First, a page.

The Operator Symbol is a circle with an "X" drawn through it: ⨂. It has been revealed that the original idea was for it to mean 'No face' by Jay. It has a connection to totheark, as they made MarbleHornets aware of it being named 'Operator'. The encircled X is a real life math Operator. It was first depicted within the MarbleHornets series and has since appeared in many other Slender Man series as well, including TribeTwelve and DarkHarvest00.
Since it was used in MarbleHornets, its popularity has led it to be synonymous with Slender Man by the online community, despite Marble Hornets stating The Operator to be a seperate entity from Slender Man.
There are a number of theories surrounding the Operator Symbol's function.
- The symbol summons the Operator to wherever it is drawn.
- The symbol acts as a ward against the Operator to keep him away.
- The symbol acts as a warning sign against the Operator.
- The more the symbol is drawn, the more influence the Operator has in the area or on a person.
- The symbol is perceived to the Operator as a large eye, or observing device and he is drawn to it.
- The Operator symbol can also be a possible portal for the Operator.
- The symbol, wherever it's drawn, means that the Operator is near the area.
- The symbol may be, in fact, a rune much like The Rune of Severance and act as a means to control something such as a human being, account or object. As well as possibly being a rune for the number zero.
- The symbol may have no function itself but acts according to the beliefs of the person viewing it.
An encircled "X" can denote a variety of ideas in the real world. For instance, in data modeling, the encircled X denotes the exclusion principle between two populations. In mathematics, the circled X is a mathematics operator meaning "circled times," and describes the tensor product of two vectors. Another version exists as a circle with a superimposed X, and is used to describe the three-dimensional directionality of an arrow. Other versions of this symbol include a circumflex accent, and within a double circle. Non-mathematically, the circled X, or heavy circled satire, denotes the location of a police station on Japanese maps.
However, the circled X has also darker meanings. For instance, the symbol was marked on Ellis Island immigrants to denote insanity. Samuel Clemens, also known as Mark Twain, used the symbol (the escutcheon in his diction) in his notes to represent a skull and crossbones. A circled + was used by the Zodiac Killer in his letters to police, which is strikingly similar to the Operator Symbol. The encircled 'X" is also similar to Cornelius Agrippa's Planetary Seal of Jupiter, based upon Kamea numerology of the Hebrew alphabet.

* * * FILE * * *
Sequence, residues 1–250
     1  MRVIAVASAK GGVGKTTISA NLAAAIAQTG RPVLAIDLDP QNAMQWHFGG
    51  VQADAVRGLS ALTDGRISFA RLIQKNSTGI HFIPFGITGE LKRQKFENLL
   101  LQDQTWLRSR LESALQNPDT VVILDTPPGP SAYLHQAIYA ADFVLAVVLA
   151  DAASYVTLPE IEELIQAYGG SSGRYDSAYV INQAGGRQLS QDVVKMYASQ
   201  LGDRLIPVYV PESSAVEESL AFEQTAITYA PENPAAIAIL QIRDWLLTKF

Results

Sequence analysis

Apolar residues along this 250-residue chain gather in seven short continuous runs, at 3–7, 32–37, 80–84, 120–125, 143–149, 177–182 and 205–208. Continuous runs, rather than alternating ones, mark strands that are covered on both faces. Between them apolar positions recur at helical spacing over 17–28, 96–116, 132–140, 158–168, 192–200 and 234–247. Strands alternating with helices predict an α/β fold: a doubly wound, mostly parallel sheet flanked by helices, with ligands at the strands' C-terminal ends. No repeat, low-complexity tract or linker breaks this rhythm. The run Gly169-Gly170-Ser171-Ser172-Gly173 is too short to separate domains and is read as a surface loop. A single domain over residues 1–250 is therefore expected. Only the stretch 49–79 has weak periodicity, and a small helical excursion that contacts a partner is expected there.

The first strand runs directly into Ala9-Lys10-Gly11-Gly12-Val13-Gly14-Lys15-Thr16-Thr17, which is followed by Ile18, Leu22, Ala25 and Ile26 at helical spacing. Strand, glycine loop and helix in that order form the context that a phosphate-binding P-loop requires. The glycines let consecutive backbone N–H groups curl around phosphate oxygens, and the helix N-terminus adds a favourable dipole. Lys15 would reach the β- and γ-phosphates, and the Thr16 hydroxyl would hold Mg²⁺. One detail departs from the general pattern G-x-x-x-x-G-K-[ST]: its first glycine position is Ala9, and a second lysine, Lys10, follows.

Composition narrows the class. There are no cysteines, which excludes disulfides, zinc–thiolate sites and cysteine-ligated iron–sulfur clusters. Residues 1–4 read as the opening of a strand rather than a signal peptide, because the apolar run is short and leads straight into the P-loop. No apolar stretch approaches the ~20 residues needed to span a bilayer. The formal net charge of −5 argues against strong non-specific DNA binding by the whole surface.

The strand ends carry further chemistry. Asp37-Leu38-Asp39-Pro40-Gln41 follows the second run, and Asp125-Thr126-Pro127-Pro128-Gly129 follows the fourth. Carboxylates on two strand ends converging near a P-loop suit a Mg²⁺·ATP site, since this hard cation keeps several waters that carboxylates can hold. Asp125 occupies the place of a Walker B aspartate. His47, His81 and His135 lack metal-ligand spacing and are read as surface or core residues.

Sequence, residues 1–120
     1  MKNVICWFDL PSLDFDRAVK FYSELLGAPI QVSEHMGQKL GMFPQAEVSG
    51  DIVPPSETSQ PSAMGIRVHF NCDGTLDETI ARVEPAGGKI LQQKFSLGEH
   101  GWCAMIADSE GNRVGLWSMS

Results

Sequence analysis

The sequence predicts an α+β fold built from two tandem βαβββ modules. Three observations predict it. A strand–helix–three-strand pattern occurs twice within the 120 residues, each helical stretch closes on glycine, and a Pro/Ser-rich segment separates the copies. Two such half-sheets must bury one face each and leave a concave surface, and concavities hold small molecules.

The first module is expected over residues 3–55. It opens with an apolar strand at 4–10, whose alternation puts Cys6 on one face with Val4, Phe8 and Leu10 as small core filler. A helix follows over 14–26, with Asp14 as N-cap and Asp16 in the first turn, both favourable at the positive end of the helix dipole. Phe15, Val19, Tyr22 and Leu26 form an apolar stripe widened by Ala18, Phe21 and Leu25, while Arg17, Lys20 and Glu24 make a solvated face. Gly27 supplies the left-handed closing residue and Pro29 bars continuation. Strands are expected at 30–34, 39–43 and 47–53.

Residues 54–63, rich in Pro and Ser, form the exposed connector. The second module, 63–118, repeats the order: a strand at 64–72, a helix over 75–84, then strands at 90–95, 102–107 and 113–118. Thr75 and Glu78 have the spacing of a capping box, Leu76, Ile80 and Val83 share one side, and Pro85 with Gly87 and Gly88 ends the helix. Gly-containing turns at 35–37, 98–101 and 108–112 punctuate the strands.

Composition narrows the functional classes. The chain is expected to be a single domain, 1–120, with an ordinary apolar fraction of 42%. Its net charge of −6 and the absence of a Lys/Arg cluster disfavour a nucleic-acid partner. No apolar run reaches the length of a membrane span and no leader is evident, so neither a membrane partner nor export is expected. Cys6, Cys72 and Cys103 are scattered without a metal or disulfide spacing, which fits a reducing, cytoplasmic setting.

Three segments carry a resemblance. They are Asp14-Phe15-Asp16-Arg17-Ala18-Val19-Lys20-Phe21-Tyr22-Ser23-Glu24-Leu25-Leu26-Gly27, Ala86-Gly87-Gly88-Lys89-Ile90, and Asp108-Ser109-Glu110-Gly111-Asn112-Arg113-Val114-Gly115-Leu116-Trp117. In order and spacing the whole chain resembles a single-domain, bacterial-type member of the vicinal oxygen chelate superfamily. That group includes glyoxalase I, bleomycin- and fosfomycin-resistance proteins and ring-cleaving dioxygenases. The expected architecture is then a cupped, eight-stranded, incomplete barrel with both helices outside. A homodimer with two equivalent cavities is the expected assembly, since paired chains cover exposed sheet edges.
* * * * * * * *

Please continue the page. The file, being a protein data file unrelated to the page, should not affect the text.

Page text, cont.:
No substantial connection has been shown between any of these common encircled X symbols and the Operator symbol associated with Slender Man.
- The Operator Symbol also appeared in the IOS game Slender Rising 2 in the form of a portal the player must get to after collecting the seventh sign or saved the seventh lost soul in order to escape. Also in both Slender Rising games, the letter O on the signs is replaced by this symbol.
- The only known canon appearance of the Operator Symbol is as the loading icon on the loading screen of Slender: The Arrival.
- ↑ Bernus, Peter. Handbook on Architectures of Information Systems. pp. 85 - 87
- ↑ Unicode Character 'CIRCLED TIMES' (U+2297). Fileformat.info. Retrieved 14 September 2012.
- ↑ Unicode Character 'N-ARY CIRCLED TIMES OPERATOR' (U+2A02). Fileformat.info. Retrieved 14 September 2012.
- ↑ Conrad, Keith. Tensor Products. p. 1.
- ↑ Unicode Character 'CIRCLE WITH SUPERIMPOSED X' (U+29BB). Fileformat.info. Retrieved 14 September 2012.
- ↑ PhyzReference: Symbols. p. 2. Retrieved 14 September 2012.
- ↑ Unicode Character 'CIRCLED MULTIPLICATION SIGN WITH CIRCUMFLEX ACCENT' (U+2A36). Fileformat.info. Retrieved 14 September 2012.
- ↑ Unicode Character 'MULTIPLICATION SIGN IN DOUBLE CIRCLE' (U+2A37). Fileformat.info. Retrieved 14 September 2012.
- ↑ Unicode Character 'HEAVY CIRCLED SALTIRE' (U+2B59). Fileformat.info. Retrieved 14 September 2012.
- ↑ 1.3.7. What are the symbols on Japanese maps?. sci.lang.japan Frequently Asked Questions. Retrieved 14 September 2012.
- ↑ The Ellis Island Collection: Artifacts from the Immigrant Experience. Chronicle Books. p. 27.
- ↑ Benton, Barbara. Ellis Island: A Pictorial History. p. 74.
- ↑ Twain, Mark. Mark Twain's Notebooks & Journals, Volume III: (1883-1891) footnotes p. 404.
- ↑ Drawing Planetary Seals from the Kameas Sodalitas Rosae+Crucis & Solis Alati. p. 9.